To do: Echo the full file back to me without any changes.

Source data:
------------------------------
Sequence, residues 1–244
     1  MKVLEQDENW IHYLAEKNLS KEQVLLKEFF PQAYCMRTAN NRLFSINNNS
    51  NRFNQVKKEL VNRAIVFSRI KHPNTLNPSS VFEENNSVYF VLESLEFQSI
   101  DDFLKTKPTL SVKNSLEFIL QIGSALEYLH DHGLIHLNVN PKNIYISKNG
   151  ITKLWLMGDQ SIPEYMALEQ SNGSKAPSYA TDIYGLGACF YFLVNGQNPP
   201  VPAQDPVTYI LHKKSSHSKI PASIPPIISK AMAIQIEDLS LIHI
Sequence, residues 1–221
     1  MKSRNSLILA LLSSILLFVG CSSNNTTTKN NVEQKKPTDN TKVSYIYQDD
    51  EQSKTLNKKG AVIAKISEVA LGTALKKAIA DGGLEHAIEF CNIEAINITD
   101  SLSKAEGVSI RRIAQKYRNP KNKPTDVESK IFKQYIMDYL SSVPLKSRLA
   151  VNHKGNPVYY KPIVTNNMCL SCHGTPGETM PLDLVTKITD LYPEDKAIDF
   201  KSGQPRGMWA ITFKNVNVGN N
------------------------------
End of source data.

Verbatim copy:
Sequence, residues 1–244
     1  MKVLEQDENW IHYLAEKNLS KEQVLLKEFF PQAYCMRTAN NRLFSINNNS
    51  NRFNQVKKEL VNRAIVFSRI KHPNTLNPSS VFEENNSVYF VLESLEFQSI
   101  DDFLKTKPTL SVKNSLEFIL QIGSALEYLH DHGLIHLNVN PKNIYISKNG
   151  ITKLWLMGDQ SIPEYMALEQ SNGSKAPSYA TDIYGLGACF YFLVNGQNPP
   201  VPAQDPVTYI LHKKSSHSKI PASIPPIISK AMAIQIEDLS LIHI
Sequence, residues 1–221
     1  MKSRNSLILA LLSSILLFVG CSSNNTTTKN NVEQKKPTDN TKVSYIYQDD
    51  EQSKTLNKKG AVIAKISEVA LGTALKKAIA DGGLEHAIEF CNIEAINITD
   101  SLSKAEGVSI RRIAQKYRNP KNKPTDVESK IFKQYIMDYL SSVPLKSRLA
   151  VNHKGNPVYY KPIVTNNMCL SCHGTPGETM PLDLVTKITD LYPEDKAIDF
   201  KSGQPRGMWA ITFKNVNVGN N